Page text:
Software Streamlines Modeling Within an Enterprise

At the 1999 AWWA Annual Conference and Exposition in Chicago, Haestad Methods will be showcasing its database and GIS connection technology as implemented in its Cybernet(r), WaterCAD(r), and StormCAD(r) products.

At the 1999 AWWA Annual Conference and Exposition in Chicago, Haestad Methods will be showcasing its database and GIS connection technology as implemented in its Cybernet(r), WaterCAD(r), and StormCAD(r) products.

Today the best technology available to share data occurs at the application level or programmatic data connections, according to Haestad.

Software applications for modeling water distribution, storm, and sanitary sewer network systems all require substantial amounts of descriptive data. In a hydraulic network model, the utility engineer will input a wealth of data to define the system including:

The link-node connectivity of the system; Spatial data describing the models physical components and dimensions; Physical attributes of the pipes, junctions, pumps, and/or control structures; Operational parameters and rules; and, The loads and/or demands on the system.

Hydraulic network models take these input data, transform them, and then create and output completely new result data such as pipe flows, pressures, hydraulic grades, operational status changes, and fire flows. Traditionally, these data reside in input files and output files specifically tied to the model. Within the modern utility organization other data-centric, non-modeling applications are in daily use. Consequently, applications involved in GIS, SCADA, customer information and billing, engineering, training, and other information technology areas are competing for ownership and control of the enterprise data.

Since information managers understand that duplication of data is wasteful and can introduce inconsistencies, there is strong motivation to achieve broad-scale reuse and sharing of information across the organization. This overriding goal is tempered by the need to exercise caution when sharing data resources. Care must be taken to preserve the accuracy and integrity of the data stored in the various shared data repositories (the application files) and prevent corruption, misuse, or misappropriation.

Application linking via data connections allows modelers to map data that is used by simulation models onto data that resides ultimately in a separate or central data store. This approach lets the modeler adapt readily to changes in either the centralized data schema or the data requirements of the targeted modeling application.

On March 9, Autodesk announced the release of AutoCAD 2000. Its central marketing slogan for the program, "Where Design Connects"(tm), speaks to the focus on accessing and sharing information across applications. Its dbConnect(tm) feature provides a a civilizing interface for tying drawing entities to attributes that are maintained in external databases. Also in March, Autodesk and Haestad Methods, announced a joint commitment to cooperate toward connecting Autodesks Land Development Desktops Central Product Database with attributes held in Haestad Methods StormCAD and forthcoming applications.

Haestad Methods took steps in support of the enterprise by incorporating dynamic Database Connection Managers in its application frameworks central to Cybernet(r), WaterCAD(r)a and (new for 1999) StormCAD(r)a v3.0. These major releases give the modeler the ability to dynamically link with and exchange data with a variety of applications including centralized data repositories such as Oracle or SQL Server, GIS and CAD systems. Using these features modelers can establish a persistent bi-directional "Connection" between hydraulic models and relational and non-relational database management systems.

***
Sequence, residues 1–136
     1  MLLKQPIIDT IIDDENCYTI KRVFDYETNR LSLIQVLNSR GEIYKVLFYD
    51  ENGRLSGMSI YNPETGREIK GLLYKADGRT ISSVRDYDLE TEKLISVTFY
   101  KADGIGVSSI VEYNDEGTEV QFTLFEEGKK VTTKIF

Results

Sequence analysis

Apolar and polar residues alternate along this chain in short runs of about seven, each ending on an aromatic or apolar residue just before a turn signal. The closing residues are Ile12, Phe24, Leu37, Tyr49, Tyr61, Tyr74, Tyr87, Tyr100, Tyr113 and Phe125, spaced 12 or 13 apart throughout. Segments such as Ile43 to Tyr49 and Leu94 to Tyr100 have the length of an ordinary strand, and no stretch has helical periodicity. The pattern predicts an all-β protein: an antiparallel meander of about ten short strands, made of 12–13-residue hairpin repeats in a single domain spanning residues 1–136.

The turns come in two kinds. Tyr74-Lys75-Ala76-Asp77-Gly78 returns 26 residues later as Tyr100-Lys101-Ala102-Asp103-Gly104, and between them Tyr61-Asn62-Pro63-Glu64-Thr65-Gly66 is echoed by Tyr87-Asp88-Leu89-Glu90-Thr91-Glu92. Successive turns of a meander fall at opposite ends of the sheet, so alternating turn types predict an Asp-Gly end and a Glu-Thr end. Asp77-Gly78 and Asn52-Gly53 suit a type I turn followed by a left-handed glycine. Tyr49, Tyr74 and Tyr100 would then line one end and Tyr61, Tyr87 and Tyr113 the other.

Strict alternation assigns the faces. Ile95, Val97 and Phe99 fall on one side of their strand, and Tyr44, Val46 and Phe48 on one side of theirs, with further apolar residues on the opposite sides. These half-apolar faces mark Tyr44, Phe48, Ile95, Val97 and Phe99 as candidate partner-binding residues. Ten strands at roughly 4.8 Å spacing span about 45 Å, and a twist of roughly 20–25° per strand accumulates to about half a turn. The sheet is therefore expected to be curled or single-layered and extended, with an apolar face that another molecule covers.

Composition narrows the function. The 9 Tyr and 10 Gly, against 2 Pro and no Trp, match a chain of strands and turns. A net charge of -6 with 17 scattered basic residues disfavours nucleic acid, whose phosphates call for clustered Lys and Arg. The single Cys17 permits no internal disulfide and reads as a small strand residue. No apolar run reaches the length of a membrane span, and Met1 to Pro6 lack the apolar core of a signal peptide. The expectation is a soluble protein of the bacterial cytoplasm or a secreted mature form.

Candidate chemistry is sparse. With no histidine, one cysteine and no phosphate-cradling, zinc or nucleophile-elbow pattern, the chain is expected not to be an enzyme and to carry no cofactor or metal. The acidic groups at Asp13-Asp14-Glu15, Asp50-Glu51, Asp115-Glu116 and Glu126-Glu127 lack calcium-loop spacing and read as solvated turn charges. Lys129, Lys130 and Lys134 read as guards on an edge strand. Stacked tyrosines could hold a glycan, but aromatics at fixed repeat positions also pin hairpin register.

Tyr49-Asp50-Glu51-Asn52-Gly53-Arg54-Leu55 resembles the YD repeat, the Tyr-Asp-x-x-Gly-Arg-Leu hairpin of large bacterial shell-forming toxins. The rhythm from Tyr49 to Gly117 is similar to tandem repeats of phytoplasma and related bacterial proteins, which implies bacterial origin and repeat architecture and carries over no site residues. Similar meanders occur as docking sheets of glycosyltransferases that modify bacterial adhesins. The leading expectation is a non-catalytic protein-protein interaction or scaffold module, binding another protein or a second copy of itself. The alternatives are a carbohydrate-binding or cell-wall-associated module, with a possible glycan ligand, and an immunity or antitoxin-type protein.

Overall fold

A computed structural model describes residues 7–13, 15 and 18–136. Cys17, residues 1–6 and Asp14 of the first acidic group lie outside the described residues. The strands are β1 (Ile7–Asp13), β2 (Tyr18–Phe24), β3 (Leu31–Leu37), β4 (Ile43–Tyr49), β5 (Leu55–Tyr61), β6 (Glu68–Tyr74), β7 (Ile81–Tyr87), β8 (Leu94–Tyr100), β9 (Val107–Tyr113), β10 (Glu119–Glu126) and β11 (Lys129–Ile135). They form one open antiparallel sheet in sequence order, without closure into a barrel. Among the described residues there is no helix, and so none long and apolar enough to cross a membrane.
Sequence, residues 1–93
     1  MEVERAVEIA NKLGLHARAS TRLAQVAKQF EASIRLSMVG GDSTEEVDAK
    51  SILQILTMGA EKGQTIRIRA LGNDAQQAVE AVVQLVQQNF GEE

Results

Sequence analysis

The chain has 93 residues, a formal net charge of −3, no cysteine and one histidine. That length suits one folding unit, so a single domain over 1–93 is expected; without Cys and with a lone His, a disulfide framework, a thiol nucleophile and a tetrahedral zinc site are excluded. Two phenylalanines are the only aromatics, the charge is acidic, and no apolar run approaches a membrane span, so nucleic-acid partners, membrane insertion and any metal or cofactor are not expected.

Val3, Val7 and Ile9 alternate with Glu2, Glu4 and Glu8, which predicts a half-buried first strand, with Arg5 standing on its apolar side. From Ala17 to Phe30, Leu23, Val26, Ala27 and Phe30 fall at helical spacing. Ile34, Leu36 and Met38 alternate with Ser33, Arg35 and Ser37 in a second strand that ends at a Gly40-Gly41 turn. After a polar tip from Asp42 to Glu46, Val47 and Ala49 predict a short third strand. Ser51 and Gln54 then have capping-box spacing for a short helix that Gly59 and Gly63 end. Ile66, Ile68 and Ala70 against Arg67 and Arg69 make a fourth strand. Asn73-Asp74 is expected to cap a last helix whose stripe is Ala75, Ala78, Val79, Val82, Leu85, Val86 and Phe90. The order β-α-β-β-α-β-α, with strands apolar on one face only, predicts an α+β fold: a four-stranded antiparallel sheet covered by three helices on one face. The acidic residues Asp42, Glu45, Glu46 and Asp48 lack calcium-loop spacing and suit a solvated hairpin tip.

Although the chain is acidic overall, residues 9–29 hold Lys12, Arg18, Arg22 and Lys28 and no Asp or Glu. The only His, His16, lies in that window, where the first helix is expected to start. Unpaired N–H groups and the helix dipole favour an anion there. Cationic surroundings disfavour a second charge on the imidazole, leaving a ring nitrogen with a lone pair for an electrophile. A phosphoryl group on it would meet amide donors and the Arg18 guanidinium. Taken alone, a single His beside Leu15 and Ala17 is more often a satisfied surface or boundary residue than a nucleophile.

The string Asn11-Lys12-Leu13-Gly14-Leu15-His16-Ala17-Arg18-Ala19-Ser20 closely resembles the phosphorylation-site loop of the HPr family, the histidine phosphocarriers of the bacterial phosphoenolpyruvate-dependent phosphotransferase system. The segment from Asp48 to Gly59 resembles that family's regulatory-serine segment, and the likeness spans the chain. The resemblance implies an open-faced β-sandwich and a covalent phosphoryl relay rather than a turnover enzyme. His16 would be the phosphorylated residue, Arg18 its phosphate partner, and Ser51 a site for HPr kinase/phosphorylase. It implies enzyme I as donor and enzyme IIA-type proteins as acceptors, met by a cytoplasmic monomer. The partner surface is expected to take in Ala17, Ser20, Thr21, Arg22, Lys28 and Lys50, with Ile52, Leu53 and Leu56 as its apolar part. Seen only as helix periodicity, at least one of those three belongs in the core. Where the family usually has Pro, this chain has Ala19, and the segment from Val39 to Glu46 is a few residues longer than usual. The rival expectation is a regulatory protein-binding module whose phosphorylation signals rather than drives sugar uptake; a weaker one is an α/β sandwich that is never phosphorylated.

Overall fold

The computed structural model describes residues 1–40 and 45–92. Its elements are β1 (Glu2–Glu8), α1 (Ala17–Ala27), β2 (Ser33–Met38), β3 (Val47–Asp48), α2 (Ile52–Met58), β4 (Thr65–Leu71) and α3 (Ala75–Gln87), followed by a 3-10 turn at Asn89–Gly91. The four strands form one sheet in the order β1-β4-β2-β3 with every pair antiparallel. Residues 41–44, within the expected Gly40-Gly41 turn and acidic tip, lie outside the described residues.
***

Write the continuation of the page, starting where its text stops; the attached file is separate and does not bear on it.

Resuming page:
The GIS and Database Connection system is organized in three functional tiers: 1. Connections 2. Table or Shapefile Links 3. Field Links

The first tier is the Connection itself. To exchange data between the model and external files, a Connection is created, then synchronized. "Synchronize In" synchronizes the model to the data contained in external files. In this case, the model acts as a "consumer" of the data, and external files act as the data "provider". "Synchronize Out" synchronizes external files to the data contained in the model. Thus for Synchronize Out, the model is the data provider and external files are the consumers.

The second tier is the Table Link or Shapefile Link. Each Connection can contain one or more Table or Shapefile Links. Each of these links specifies the type of external file to exchange data with, the name of the file, and. if the file contains multiple tables, which table is of interest.

The third and final tier of the system is the Field Link. Each Table or Shapefile Link uses one or more Field Links to specify exactly which attributes in the external file are going to be exchanged. A Field Link defines the fundamental mapping between a field in an external file and a model attribute. For example, a field link may be used to "map" the GRND_FT field of an external database file to the Ground Elevation attribute of the model.

In summary, a Connection (either a Database Connection or a Shapefile Connection) defines a link between the model and external files. Table or Shapefile Links and Field Links are used to specify files, tables, and fields to be linked. Once a Connection is created, it can be synchronized in or out. The synchronization action will update models (in direction) or the external files (out direction).

Conference attendees are encouraged to visit the Haestad Methods booth to gain a better understanding of the data connection approach to achieving integrated modeling within the utility enterprise.

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